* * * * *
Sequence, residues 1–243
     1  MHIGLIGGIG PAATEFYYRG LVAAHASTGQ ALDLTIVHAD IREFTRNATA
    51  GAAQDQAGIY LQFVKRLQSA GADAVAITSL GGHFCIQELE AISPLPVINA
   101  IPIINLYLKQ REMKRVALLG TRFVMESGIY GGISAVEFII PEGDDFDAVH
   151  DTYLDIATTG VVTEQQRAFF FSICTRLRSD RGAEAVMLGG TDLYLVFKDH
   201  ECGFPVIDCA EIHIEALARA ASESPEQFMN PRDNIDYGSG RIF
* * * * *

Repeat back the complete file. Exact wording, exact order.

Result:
Sequence, residues 1–243
     1  MHIGLIGGIG PAATEFYYRG LVAAHASTGQ ALDLTIVHAD IREFTRNATA
    51  GAAQDQAGIY LQFVKRLQSA GADAVAITSL GGHFCIQELE AISPLPVINA
   101  IPIINLYLKQ REMKRVALLG TRFVMESGIY GGISAVEFII PEGDDFDAVH
   151  DTYLDIATTG VVTEQQRAFF FSICTRLRSD RGAEAVMLGG TDLYLVFKDH
   201  ECGFPVIDCA EIHIEALARA ASESPEQFMN PRDNIDYGSG RIF